At San Diego, Brown commanded a 155mm battery with the 2nd Marine Brigade until February 1938, when he was ordered to the Marine Barracks, Navy Yard, Mare Island. There, he was Assistant Acting Quartermaster and member of the Naval Retiring Board until June 1939, when he took command of the Marine Detachment aboard the USS Pennsylvania (BB-38).

World War II[edit]

In July 1941, he returned to San Diego to become executive officer, and later, commander of the 4th Battalion, 10th Marine Regiment, 2nd Marine Division.

He left San Diego in March 1942, to serve as executive officer of the 8th Defense Battalion in the Pacific theater. Returning to the United States in January 1943, he was assigned to San Diego until he entered an advanced artillery school at Fort Sill, Oklahoma.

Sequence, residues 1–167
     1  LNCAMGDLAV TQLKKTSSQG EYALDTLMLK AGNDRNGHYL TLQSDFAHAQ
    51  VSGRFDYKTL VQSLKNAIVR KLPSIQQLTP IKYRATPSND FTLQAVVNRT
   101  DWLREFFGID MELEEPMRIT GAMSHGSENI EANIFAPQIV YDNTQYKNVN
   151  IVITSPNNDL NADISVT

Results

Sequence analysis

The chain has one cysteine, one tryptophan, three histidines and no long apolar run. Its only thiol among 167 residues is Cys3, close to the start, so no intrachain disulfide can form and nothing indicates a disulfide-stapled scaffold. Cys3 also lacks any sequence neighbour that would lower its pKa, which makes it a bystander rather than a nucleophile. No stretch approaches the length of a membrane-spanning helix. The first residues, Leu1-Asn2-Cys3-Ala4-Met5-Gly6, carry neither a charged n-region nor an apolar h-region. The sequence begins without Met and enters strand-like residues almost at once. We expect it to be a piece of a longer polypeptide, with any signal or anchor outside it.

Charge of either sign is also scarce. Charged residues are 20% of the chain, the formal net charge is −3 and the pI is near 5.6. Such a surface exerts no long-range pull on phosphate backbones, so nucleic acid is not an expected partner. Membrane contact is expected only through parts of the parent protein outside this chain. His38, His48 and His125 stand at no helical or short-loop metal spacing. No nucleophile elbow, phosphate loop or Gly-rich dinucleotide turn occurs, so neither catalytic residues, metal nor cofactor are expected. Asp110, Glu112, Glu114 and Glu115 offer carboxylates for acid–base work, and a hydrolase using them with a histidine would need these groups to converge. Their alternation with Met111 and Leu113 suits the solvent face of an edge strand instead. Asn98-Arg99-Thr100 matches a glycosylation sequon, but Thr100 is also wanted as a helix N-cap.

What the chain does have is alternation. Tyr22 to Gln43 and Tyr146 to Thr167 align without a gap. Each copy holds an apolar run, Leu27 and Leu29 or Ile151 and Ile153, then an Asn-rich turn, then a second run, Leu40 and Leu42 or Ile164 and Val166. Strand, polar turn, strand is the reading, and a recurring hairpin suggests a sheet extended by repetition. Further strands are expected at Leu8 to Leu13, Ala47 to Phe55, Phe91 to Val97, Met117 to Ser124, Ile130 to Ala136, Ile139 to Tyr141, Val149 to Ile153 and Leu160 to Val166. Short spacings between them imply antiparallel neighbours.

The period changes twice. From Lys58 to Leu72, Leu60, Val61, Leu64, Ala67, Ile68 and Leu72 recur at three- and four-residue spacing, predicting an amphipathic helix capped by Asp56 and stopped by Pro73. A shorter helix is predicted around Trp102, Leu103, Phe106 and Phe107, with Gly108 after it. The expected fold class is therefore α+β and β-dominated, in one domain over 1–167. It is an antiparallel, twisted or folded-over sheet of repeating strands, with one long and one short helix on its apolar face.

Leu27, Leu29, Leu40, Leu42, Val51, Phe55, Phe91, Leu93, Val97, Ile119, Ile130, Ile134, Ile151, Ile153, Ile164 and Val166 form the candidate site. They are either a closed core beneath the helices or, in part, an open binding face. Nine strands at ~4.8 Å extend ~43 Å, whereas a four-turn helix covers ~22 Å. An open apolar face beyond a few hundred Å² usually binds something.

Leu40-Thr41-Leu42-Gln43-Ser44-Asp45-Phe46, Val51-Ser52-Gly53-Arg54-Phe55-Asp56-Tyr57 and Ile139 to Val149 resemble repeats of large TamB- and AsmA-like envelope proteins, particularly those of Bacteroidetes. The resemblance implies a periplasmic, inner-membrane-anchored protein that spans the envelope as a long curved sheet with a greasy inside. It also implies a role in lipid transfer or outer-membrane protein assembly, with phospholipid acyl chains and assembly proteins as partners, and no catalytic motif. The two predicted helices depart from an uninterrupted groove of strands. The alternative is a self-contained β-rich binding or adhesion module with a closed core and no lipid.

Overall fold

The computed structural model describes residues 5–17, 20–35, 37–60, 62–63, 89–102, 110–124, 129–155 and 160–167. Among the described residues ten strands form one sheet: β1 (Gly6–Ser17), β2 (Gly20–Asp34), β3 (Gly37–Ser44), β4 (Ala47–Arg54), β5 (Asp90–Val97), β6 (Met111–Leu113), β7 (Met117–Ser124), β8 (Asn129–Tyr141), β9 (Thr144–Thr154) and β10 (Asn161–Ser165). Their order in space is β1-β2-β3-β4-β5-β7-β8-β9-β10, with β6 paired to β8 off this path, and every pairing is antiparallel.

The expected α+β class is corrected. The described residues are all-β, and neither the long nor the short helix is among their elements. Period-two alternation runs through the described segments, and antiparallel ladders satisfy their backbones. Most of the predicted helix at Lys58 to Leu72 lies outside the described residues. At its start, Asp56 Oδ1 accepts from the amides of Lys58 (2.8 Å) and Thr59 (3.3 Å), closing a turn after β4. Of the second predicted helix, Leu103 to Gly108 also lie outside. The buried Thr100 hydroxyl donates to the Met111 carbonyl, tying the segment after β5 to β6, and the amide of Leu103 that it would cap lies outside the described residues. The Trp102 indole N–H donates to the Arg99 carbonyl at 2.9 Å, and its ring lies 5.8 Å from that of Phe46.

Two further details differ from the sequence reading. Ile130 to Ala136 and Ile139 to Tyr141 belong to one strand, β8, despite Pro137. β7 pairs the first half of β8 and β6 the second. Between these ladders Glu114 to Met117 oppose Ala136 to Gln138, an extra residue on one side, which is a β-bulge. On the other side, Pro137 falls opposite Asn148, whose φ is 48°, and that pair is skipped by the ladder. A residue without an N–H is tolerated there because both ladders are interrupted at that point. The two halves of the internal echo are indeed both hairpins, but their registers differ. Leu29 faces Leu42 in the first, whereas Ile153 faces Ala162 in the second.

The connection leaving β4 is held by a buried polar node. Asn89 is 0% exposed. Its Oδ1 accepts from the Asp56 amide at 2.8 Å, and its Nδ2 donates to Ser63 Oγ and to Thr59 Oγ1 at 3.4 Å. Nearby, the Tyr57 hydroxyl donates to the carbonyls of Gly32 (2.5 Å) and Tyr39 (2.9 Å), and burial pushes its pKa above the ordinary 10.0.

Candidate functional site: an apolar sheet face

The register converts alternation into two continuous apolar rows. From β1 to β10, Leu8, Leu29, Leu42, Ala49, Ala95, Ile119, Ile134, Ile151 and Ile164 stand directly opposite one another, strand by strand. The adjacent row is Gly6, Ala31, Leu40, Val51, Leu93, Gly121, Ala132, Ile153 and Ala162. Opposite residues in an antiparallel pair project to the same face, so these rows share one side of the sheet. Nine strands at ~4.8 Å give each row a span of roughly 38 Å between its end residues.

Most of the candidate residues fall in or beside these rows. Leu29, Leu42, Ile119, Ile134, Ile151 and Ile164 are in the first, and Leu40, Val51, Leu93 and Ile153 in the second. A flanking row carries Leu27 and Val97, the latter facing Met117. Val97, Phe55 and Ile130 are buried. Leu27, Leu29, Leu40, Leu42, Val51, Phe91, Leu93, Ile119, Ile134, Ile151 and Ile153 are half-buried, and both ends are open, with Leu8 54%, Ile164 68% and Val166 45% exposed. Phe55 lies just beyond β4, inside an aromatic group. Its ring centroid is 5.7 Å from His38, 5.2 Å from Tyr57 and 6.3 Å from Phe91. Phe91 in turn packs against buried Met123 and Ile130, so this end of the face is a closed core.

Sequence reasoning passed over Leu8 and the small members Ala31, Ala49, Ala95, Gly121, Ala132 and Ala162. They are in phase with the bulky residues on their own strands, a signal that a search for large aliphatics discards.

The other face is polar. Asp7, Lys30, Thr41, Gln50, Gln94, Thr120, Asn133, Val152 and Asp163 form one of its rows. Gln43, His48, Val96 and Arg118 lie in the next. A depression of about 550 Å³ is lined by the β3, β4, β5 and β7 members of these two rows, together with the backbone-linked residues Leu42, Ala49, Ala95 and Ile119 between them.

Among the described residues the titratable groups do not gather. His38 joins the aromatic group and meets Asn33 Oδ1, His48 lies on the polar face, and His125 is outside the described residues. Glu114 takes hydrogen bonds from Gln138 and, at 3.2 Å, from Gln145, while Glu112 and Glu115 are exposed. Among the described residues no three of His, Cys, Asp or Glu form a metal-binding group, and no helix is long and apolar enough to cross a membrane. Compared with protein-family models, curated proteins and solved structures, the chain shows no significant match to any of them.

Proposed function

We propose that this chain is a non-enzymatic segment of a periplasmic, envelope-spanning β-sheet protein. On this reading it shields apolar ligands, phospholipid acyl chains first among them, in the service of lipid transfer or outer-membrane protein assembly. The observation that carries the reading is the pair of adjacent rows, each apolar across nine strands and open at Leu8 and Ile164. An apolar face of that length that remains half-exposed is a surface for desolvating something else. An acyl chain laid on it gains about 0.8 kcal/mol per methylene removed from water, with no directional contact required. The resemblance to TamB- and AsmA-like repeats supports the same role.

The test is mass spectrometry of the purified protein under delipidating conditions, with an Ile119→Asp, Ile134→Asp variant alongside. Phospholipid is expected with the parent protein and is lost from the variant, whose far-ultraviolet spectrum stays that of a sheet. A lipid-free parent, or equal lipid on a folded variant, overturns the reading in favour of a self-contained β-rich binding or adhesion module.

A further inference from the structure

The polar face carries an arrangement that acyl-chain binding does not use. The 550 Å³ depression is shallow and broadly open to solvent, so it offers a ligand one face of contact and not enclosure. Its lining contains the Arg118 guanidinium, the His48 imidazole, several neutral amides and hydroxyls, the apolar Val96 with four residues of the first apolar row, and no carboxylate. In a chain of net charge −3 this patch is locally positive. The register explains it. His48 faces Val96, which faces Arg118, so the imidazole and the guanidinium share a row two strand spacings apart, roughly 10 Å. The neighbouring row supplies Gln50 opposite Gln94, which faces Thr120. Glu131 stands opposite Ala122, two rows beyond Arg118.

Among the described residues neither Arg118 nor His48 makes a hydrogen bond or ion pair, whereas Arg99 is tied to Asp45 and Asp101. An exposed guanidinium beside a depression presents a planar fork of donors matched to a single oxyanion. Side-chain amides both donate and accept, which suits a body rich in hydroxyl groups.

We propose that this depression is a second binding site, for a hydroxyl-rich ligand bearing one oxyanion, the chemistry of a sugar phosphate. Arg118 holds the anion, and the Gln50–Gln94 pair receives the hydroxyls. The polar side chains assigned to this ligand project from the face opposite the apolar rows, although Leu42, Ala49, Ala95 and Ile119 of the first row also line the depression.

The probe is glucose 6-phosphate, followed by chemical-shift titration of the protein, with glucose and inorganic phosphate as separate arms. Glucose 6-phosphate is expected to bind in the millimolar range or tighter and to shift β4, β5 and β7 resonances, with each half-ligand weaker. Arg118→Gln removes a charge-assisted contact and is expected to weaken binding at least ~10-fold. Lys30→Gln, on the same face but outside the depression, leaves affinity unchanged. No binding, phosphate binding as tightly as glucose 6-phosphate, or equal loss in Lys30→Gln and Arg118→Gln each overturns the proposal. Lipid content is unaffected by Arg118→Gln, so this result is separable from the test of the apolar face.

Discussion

After completing the school, he helped organize the Troop Training Unit at the Amphibious Training Base, Coronado and Morro Bay, California, later serving as artillery and naval gunfire instructor with that unit. During this period, four Army infantry regiments and two Marine Corps divisions were trained in amphibious warfare at the base, and Brown became one of the pioneers in the coordination of naval gunfire, artillery, and air support. He taught and practiced those tactics throughout his subsequent service.

In October 1944, Brown was again ordered to the Pacific theater, where he organized and briefly commanded the 15th Marine Regiment, 6th Marine Division. He then took command of the 11th Marine Artillery Regiment, 1st Marine Division, serving in that capacity during the Okinawa campaign and in China at the war's end. He was awarded the Legion of Merit with Combat “V” for outstanding service at Okinawa and an Oak Leaf Cluster in lieu of a second Legion of Merit for his service in China.